Sunday, December 9, 2007

Happy Hanukkah!

Well, as everyone who is Jewish has noticed, Hanukkah has come and gone. Some people may still be celebrating (I haven’t quite worked out which side the extra days are on yet) but the day itself was on the 5th. For those of you who don’t know what Hanukkah is about, here is a bit of an article from


The festival of Hanukkah (also spelled Chanukah) was established to commemorate the Jewish Maccabees' military victory over the Greek-Syrians and the rededication of the Second Temple, which had been desecrated by the Greek-Syrians, to the worship of God. Thus, Hanukkah is a celebration of Jewish national survival and religious freedom.

In commemoration of these miracles, a Hanukkah Menorah (also called a Hanukkiah) is lit during each of the eight nights of Hanukkah. Lighting the Hanukkah Menorah is the central observance of the festival. One candle is lit the first night, and an additional candle is lit each successive night. Thus, on the last night of Hanukkah, all eight candles of the Hanukkiah are lit. The candles should be lit by a window or door in order to fulfill the commandment to "publicize the miracle." While lighting the candles, blessings are recited and the ancient chant Hanerot Hallalu is traditionally sung. After lighting the candles, it is a tradition to sing Maoz Tzur.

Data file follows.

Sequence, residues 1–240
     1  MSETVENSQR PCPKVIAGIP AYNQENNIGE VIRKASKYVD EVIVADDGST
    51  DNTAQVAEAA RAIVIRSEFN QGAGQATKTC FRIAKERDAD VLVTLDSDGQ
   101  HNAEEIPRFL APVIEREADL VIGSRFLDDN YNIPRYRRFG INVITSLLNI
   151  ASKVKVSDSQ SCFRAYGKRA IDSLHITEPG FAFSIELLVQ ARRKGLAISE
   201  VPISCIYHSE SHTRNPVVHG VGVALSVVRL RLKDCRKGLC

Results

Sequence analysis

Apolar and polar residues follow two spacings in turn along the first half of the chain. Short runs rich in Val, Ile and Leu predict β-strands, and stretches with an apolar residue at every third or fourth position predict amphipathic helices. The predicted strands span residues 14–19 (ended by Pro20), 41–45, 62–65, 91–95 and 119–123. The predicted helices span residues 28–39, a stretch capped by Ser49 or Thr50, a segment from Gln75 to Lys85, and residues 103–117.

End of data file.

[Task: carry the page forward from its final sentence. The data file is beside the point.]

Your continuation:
Hanukkah is a fun festival, especially for children. After lighting the Hanukkah candles together, families (and often invited guests) will eat and play games. Traditional Hanukkah food is oil-rich in commemoration of the miracle of the oil that burned for eight days. Potato pancakes (Latkas in Yiddish, Livivot in Hebrew) are a Hanukkah favorite. Israelis eat Hanukkah doughnuts called soofganiot. Dreidel (sivovon in Hebrew) is a traditional Hanukkah game, with game rules so simple that the whole family, from toddlers to grandparents can play together. The custom of giving Hanukkah gelt (money) to children has evolved into a gift-giving tradition in many Jewish families today.


As you can see, the Jewish people celebrate a great deal of things on this festival of their’s. The only problem I have with it is the candles thing. Nowadays, with all of the stuff you can have in the house, leaving candles burn for many days can be a serious fire hazard. And, if you don’t need to worry about the fire spreading, what about it going out? Seven days is an awfully long time to have a candle burn. And if you solve the problem by getting long candles, then how do you deal with the major wax build up at the bottom? Seven days of burning one candle, the heat getting worse with each day that a new candle is lit? And you know it’s gotta be murder on the drapes when they put it in the window. I wonder how long it is left in the window after the last candle is lit…

Well, in any case, there is Hanukkah in a nutshell. I don’t quite understand it, but the Jewish people seem to like the holiday. Well… all except Lewis Black.

1 comment:

Ginny said...

You done a good job on this one. I like learning about some of these things. In your Blogs you have taught me a lot of things I didn't know. I just wish that you could get out to more people. You have a great talent. It needs to be recognized. And who is Lewis Black?